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Hospitalization in Lung Cancer Patients More Common Than Anticipated


NEW YORK - Chemotherapy-related hospitalization happens much more often in the real world than in drug trials, according to a new study.

Patients with advanced lung cancer receiving chemotherapy in real-world settings were almost eight times more likely to be hospitalized during treatment than those participating in clinical trials.

What's more, very few clinical trials even report how often participants are hospitalized during the research, the study authors found.

"Clinical trials should be routinely reporting their hospitalization rates so we know what to expect," said senior author Dr. Monika Krzyzanowska of the Princess Margaret Cancer Center in Toronto, Canada. "I think that (hospitalization is) actually much more common than we ever anticipated," Krzyzanowska said.

For the new meta-analysis, released online September 17 in JAMA Oncology, the researchers looked at data on patients receiving chemotherapy for metastatic non-small-cell lung cancer, from five reports of clinical trials with a total of 3962 people that specified how many hospitalizations occurred, and five studies involving 8624 people receiving chemotherapy in real-world settings.

Overall, 51% of the real-world patients were hospitalized during their treatments, compared to 16% of those in clinical trials.

Some of the research looked at factors related to the risk of hospitalization like the type of chemotherapy used and hospital performance measures, but results varied from study to study and Krzyzanowska said that she can't say with confidence which factors may be tied to an increased risk of being hospitalized.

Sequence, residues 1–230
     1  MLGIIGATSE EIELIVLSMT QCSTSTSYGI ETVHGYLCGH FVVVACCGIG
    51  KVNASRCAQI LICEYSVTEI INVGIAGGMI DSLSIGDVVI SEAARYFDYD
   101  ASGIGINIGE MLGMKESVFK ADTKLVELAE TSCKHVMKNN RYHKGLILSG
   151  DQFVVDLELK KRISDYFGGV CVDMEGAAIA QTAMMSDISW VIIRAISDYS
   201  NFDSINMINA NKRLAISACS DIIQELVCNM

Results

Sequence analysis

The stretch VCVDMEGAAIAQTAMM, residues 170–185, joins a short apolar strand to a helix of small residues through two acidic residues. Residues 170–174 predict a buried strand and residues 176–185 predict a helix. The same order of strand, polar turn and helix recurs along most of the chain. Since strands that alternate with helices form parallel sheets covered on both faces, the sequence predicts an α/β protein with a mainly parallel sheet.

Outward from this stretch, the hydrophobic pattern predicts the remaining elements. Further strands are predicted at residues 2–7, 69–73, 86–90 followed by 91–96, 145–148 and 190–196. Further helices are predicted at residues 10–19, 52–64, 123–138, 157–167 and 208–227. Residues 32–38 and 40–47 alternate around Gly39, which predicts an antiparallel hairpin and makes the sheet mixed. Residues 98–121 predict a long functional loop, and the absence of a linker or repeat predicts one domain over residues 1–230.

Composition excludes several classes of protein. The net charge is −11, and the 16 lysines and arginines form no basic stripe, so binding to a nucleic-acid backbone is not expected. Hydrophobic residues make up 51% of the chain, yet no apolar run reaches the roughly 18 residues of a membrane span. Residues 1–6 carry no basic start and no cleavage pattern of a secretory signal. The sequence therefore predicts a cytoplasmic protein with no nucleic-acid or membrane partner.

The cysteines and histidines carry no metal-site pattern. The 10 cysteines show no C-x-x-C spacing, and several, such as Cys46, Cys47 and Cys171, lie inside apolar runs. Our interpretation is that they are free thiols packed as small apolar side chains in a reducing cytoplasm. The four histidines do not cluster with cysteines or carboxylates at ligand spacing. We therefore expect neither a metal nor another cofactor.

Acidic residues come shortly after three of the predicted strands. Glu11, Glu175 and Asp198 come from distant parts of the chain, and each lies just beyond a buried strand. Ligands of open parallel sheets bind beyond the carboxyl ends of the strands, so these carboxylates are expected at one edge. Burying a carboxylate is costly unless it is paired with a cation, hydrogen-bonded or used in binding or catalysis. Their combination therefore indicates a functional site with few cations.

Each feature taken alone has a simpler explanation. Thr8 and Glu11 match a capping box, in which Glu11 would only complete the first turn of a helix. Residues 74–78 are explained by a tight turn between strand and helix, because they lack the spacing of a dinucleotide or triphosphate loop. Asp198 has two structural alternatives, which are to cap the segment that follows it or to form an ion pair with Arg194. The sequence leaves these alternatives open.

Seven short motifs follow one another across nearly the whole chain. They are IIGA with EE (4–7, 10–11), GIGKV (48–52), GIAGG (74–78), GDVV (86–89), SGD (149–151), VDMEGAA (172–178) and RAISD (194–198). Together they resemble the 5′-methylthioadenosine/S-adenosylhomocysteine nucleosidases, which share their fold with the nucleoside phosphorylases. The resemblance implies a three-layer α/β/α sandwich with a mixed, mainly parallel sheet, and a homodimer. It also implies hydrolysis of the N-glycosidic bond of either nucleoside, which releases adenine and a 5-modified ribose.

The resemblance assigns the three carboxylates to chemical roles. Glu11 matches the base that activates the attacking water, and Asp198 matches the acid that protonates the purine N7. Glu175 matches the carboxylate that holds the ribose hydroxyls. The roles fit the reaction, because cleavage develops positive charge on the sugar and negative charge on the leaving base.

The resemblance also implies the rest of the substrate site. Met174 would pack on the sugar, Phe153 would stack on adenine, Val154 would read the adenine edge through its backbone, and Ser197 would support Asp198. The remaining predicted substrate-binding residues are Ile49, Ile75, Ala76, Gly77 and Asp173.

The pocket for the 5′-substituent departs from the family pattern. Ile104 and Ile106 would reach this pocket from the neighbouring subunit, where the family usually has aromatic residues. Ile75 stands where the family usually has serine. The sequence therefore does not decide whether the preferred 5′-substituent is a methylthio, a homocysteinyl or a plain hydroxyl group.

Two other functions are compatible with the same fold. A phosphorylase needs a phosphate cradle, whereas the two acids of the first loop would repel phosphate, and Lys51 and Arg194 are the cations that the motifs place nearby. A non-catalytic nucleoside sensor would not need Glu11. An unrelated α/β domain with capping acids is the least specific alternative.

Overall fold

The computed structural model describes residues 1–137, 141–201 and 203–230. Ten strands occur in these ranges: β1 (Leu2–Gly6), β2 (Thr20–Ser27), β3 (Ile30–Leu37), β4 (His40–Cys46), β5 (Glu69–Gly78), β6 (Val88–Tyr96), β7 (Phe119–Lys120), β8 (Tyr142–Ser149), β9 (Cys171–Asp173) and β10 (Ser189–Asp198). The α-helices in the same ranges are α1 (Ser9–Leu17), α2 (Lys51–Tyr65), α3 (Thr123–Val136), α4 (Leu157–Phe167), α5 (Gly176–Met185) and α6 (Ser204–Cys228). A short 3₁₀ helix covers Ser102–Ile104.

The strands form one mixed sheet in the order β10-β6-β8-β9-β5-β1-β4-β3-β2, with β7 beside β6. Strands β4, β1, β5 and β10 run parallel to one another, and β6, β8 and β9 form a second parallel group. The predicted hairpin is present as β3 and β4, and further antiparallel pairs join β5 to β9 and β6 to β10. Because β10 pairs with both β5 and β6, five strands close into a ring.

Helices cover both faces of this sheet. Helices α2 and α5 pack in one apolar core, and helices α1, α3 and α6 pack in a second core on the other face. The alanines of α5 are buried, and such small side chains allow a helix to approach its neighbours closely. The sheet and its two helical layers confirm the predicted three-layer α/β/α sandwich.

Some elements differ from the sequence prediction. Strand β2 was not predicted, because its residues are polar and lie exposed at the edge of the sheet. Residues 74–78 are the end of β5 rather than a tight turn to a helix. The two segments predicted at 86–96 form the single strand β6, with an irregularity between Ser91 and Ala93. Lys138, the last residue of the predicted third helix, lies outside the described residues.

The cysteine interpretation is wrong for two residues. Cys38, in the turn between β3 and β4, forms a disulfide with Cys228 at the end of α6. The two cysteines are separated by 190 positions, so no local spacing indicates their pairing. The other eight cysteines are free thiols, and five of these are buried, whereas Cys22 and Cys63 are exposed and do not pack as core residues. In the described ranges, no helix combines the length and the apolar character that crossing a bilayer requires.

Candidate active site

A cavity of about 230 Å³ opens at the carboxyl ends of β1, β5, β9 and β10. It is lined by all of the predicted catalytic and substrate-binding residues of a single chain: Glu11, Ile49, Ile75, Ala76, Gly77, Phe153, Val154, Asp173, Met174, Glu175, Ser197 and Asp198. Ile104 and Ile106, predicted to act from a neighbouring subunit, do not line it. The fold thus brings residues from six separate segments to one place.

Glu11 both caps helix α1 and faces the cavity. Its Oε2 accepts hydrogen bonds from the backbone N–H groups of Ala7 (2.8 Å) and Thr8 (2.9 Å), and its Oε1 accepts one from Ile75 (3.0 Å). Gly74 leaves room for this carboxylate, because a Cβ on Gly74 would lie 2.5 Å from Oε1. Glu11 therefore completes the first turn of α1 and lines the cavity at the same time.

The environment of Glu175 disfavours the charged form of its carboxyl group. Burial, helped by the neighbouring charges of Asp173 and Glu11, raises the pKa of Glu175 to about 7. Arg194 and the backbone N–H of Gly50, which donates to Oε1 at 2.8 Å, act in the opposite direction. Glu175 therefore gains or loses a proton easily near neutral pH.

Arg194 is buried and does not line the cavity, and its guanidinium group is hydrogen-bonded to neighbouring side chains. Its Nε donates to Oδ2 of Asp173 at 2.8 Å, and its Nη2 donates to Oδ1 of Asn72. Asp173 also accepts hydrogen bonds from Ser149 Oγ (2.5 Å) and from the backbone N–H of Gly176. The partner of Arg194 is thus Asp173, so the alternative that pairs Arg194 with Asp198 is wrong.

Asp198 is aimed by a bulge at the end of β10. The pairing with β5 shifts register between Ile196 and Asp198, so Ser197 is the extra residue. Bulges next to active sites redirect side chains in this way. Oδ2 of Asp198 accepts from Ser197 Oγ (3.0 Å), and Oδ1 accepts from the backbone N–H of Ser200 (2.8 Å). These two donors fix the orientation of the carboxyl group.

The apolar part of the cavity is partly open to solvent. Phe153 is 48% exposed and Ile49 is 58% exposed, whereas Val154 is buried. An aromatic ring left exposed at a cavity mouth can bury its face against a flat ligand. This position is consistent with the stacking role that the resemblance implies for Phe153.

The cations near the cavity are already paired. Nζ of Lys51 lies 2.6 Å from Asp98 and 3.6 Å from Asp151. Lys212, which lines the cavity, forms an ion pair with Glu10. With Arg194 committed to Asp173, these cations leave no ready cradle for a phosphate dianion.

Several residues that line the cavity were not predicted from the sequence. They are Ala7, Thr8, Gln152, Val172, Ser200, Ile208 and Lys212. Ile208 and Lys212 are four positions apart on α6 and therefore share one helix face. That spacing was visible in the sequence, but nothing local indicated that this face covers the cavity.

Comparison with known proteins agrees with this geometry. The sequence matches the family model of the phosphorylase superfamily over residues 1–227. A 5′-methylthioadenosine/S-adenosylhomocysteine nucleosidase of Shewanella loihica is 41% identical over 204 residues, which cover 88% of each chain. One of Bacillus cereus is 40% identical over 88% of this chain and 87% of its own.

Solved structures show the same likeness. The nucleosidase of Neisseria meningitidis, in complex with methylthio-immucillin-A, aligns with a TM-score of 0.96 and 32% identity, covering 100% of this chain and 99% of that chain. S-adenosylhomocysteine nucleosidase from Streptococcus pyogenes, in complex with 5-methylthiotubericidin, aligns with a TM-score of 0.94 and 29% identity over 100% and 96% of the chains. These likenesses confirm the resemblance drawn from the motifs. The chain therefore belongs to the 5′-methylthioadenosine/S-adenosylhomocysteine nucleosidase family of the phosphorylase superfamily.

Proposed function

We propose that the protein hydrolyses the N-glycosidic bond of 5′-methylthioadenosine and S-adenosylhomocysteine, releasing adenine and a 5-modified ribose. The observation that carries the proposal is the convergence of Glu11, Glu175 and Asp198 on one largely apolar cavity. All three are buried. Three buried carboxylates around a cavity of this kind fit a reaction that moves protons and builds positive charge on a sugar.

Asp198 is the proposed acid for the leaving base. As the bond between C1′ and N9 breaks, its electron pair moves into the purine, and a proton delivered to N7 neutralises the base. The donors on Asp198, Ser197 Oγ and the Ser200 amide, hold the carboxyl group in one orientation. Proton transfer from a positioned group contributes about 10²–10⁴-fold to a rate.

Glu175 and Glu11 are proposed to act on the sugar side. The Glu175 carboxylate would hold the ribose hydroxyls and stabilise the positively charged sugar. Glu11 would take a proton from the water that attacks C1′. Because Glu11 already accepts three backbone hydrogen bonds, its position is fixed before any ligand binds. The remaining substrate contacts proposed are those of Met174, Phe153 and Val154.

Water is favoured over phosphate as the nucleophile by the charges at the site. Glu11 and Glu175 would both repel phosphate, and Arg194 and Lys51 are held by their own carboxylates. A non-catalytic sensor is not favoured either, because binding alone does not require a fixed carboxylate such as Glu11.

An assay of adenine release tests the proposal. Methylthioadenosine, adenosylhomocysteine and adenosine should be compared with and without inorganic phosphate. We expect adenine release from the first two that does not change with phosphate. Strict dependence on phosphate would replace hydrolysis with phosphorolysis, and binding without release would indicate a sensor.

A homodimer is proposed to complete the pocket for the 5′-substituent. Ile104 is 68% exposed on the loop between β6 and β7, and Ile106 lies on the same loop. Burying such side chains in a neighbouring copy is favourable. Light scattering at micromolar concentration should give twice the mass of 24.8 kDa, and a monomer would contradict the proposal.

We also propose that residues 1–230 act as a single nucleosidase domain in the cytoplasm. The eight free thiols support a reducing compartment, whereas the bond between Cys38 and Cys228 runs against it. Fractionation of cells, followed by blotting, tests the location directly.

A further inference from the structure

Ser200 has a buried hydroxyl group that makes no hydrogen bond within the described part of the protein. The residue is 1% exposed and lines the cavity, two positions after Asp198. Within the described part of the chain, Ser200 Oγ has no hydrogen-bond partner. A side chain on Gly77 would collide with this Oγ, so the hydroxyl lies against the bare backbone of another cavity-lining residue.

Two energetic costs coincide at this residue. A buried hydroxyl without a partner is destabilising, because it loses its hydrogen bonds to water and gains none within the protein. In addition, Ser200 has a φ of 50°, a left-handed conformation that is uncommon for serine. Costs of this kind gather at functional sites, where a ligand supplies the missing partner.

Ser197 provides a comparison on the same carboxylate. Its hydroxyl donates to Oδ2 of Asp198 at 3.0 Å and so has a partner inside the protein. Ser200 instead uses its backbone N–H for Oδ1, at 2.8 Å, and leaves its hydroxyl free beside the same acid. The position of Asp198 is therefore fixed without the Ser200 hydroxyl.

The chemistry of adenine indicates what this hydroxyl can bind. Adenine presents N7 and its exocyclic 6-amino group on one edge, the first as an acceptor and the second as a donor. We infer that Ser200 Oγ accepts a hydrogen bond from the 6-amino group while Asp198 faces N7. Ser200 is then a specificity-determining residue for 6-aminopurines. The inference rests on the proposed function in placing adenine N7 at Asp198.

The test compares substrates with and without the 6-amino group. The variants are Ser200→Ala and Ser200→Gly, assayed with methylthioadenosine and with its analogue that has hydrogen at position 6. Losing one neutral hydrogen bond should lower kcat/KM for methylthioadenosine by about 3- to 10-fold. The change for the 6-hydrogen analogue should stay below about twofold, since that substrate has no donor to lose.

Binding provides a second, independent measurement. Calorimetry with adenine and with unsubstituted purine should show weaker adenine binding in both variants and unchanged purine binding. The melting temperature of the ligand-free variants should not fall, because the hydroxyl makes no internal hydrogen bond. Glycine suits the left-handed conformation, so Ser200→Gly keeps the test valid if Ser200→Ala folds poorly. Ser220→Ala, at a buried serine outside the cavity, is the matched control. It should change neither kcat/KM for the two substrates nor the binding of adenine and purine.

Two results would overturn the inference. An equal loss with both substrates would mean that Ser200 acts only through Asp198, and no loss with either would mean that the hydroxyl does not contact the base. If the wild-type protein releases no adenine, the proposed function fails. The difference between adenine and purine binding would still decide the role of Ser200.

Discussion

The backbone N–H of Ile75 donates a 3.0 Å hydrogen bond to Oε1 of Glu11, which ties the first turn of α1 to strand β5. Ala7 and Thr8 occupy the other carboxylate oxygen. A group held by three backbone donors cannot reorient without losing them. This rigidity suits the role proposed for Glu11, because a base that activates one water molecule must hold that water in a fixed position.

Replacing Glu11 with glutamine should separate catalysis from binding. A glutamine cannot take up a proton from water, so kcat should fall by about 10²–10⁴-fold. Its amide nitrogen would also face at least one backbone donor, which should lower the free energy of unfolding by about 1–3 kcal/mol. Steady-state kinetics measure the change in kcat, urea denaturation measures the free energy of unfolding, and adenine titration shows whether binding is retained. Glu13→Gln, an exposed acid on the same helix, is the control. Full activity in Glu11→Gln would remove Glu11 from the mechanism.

But, she said, similar patterns of high hospitalizations are likely to be found among people with other cancers and on other types of treatments.

"I think this is unfortunately a common phenomenon across disease site and treatment regimen," Krzyzanowska said.

Knowing how much time patients may spend in hospitals during chemotherapy might help them and their doctors in deciding which treatment is right, Krzyzanowska said.

"I think the low-hanging fruit is that clinical trials should start reporting hospitalizations," she said of the findings.

With that kind of data, the researchers suggest, scientists can calculate the risk of hospitalization per month of chemotherapy and ultimately provide that to patients.

Krzyzanowska also said she'd like to look at what factors drive hospitalizations among cancer patients receiving chemotherapy.

"I definitely think there is a substantial portion of people whose symptoms can be managed earlier so they don't end up in the hospital," she said.

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